Thursday, April 29, 2010

Full Moon Tide at Fort DeSoto Park

The tide was so far out that the water was only ankle to knee deep. The water was clear and there was a lot of sea life to see. It was like snorkeling without having to swim in the water.

A spring tide happens every month at the full and new moon and has nothing to do with seasonality.  That's when the tides are at their highest and lowest levels.  This evening's tide is about the season.  It's a springtime low tide and sea creatures have gathered to mate.  Walking at Fort DeSoto Park tonight was like walking through an aquarium.

The trail of a tulip snail was easy to follow through the clear water.  Once springtime is over we'll only find remnants of their striped shells.

We found all sorts of starfish.

There were crown conchs everywhere.  At low tide the smaller animals gather to find their own kind.

At high tide the predators come out to feast. We found a small octopus clinging to a pen shell.

The octopus was in a pool of water around an old stump.  It must have been left behind when the tide waters receded, because we rarely find them at the beach.  There were a lot of other creatures around tree roots in the water such as sea urchins, fish, conchs, and tulip snails.  We nicknamed this area the habitat.  It was teeming with life.

A nearby crab was hunting for munchies.

The pink ruffles on the pen shell are tulip egg casings.  The little pink spots are embryos.

Sunset colors reflected on the water in tiny waves and ripples.  The ultraviolet light reflected as deep blues and purples.  Yellow, amber, orange, and red contrasted against the blues.  The colors flickered in the water like a psychedelic festival.

People continued shelling after sunset.  We laughed when a woman screamed when a fighting conch suddenly emerged from a shell she was carrying.  As we drove home we saw people shelling in shallow areas with blue flashlights.  It looked like blue fireflies hovering over the dark water against a sky still dimly lit with sunset colors.

More photos of April 2010 Full Moon Tides

How to Clean Sea Shells

Monday, April 05, 2010

Predawn Launch of Space Shuttle Discovery STS-131

Space Shuttle Discovery lights up a dark sky just before dawn on Monday morning at 6:22am.  The seven member crew of Mission STS-131 is set to resupply the International Space Station and complete 3 space walks.

I arrived around 4am.  The temperature was 59 degrees F, little wind, some fog in low lying areas, and not a single cloud in the sky.

Closer to launch time, people were pressing together, sort of like at a rock concert (except without the booze, drugs and foul language). They were all trying to get as close to the fence as possible, which is at the edge of the Indian River.

At about half an hour prior to launch, a technical glitch created a NO GO situation.  They were working feverishly to fix it, and had less than 30 minutes to do so.  It sounded something like, the flux capacitor wasn't communicating with the disgronificator, so the converginator was disabled.  Who knew?!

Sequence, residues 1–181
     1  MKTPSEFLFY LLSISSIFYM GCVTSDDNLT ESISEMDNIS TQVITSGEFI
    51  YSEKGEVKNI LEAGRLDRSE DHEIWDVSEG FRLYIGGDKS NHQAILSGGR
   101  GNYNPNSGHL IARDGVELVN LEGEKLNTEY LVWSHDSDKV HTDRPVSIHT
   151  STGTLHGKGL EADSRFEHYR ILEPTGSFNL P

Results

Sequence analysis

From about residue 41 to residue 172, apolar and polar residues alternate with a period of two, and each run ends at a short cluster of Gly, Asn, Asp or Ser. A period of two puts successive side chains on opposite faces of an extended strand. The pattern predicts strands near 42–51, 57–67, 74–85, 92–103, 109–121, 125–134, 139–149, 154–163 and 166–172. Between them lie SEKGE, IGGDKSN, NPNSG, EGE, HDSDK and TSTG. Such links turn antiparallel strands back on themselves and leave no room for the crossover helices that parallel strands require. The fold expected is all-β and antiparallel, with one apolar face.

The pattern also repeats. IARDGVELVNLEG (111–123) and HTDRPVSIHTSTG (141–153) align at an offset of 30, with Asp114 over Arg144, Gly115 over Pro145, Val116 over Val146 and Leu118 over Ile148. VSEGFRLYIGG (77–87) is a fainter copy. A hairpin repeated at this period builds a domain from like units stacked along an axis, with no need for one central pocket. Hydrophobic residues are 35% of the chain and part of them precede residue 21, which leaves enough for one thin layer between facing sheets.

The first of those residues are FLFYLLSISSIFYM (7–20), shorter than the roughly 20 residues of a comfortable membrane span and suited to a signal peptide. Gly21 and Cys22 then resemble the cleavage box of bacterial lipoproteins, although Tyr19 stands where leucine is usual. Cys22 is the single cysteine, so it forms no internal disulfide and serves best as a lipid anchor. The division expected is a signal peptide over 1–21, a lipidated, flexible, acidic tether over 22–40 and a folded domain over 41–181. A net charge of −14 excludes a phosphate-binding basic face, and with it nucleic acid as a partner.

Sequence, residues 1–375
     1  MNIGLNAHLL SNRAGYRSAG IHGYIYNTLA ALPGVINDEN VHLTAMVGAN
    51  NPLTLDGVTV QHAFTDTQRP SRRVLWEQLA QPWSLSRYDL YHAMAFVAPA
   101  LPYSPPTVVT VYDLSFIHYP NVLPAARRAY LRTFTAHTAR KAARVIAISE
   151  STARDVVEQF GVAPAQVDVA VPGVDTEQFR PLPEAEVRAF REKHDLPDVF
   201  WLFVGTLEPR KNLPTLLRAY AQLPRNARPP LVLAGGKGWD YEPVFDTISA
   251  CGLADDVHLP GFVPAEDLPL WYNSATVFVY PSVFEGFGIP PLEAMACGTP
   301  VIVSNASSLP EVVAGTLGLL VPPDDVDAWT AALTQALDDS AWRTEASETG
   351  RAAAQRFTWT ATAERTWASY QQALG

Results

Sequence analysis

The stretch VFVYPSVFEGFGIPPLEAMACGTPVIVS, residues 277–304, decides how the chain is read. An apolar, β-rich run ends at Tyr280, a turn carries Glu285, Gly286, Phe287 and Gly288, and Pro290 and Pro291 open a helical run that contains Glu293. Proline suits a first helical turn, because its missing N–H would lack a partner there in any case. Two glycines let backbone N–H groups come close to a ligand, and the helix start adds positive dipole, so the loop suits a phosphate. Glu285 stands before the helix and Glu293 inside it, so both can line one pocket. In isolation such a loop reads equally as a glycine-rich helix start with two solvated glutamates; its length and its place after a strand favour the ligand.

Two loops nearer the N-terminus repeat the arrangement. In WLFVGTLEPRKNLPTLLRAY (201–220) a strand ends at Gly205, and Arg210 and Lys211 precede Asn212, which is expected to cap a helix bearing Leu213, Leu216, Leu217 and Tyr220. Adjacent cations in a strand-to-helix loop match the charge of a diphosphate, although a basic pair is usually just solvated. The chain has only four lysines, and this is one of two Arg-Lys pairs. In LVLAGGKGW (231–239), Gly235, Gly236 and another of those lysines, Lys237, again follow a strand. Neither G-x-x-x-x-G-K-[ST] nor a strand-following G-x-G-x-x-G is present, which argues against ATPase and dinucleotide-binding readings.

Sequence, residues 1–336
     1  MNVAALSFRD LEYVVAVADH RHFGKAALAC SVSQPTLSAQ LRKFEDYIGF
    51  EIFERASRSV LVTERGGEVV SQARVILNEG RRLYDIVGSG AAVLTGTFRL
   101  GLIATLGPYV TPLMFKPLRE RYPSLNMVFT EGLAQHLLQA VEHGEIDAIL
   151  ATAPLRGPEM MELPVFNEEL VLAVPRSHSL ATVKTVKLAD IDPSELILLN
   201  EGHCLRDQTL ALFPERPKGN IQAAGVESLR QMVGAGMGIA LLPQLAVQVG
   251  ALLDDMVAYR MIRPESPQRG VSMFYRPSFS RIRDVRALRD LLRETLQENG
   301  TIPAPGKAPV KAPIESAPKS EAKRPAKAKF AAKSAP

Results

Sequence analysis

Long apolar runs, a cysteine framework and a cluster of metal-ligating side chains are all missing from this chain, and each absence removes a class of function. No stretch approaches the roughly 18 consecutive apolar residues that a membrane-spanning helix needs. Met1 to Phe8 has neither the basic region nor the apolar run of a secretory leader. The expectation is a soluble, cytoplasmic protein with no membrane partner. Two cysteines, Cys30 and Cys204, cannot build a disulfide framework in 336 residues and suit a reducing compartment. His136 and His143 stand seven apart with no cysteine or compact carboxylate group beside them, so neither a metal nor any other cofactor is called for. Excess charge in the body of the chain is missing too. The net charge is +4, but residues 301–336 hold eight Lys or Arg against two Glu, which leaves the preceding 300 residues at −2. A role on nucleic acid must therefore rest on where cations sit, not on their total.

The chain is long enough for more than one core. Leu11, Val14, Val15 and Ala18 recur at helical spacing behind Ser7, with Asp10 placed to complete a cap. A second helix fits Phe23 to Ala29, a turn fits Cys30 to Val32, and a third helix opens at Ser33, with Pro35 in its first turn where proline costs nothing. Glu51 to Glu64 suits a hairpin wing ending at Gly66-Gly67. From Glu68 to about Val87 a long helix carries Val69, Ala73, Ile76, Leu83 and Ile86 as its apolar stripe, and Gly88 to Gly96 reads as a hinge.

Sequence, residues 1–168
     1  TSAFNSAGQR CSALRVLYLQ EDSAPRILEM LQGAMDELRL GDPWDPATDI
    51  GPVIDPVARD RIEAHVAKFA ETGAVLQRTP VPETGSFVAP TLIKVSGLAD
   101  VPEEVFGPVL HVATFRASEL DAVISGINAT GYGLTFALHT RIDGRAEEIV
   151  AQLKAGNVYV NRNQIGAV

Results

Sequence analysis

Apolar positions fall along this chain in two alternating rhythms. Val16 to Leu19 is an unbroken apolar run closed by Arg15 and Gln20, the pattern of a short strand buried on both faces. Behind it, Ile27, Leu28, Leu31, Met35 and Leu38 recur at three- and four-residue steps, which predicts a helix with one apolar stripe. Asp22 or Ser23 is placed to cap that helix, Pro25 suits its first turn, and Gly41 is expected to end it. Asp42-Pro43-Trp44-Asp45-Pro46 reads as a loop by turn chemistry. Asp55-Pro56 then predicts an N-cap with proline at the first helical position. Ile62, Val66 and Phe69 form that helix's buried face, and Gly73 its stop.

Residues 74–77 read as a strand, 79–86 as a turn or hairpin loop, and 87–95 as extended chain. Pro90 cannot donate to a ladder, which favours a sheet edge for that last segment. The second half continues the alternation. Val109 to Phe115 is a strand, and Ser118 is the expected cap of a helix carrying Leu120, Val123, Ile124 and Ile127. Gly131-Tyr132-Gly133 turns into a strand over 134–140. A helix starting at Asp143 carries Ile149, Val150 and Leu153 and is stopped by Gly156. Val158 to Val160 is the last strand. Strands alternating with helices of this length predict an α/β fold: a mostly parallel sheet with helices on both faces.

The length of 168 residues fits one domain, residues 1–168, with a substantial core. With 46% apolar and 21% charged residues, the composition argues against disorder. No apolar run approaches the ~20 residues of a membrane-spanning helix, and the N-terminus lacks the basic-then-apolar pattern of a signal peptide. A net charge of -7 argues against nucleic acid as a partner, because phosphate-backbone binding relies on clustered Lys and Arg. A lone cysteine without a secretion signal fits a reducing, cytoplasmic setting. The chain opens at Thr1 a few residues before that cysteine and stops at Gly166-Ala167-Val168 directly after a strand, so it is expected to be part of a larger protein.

About 20 minutes prior to launch, under a totally clear, constellation filled sky complete with waning moon, something happened that has not happened in the prior five night launches.  The International Space Station passed overhead!  Oh Yeah!!!  It eclipsed the moon.  It was one of those times when you truly had to be there.

All of the people that pressed around me had never seen a Space Shuttle launch before.  Most of them had heard that there was a launch attempt this morning and they changed their plans and came over to witness the event

At nine minutes before launch the countdown clock stopped for the Nine Minute Hold.  NASA personnel at Mission Control in Houston and at Launch Control at Kennedy Space Center in Florida have one more meeting before launch to work out last minute details.  The technical glitch was resolved.  Everyone responded "GO!" during roll call, and the Flight Director wished the crew Godspeed.  The countdown continued.

Liftoff is silent from 9 miles away.  The entire area is overwhelmed by light and then the sound builds.  It was so loud that the ground shook.  Car alarms went off.  All sorts of sea creatures surfaced out of the water in surprise.  There were turtles, dolphins, and alligators, to name a few.

As the Space Shuttle sped down range, there was a separation in the contrail. I've never seen that before. There was a huge gap as if the engines had stopped for 15-20 seconds and then came back on. After the gap, there was a trail behind the Space Shuttle that looked just like a huge comet!  It looked like a picture of a comet that you would see in a schoolbook; something like the ancients would have painted.  It was phenominal!  My pictures do not do it justice. One day, perhaps I'll be cool enough to capture a moment like that!

As the dawn painted a rainbow on the horizon, the top of the contrail was brightly illuminated by the sun. We packed up our camp and headed to the car taking glances at the sky as the sun rose.

As we sat in post launch traffic, we continued to watch the remnants of the contrail change colors in the sunrise. I've never seen anything like it.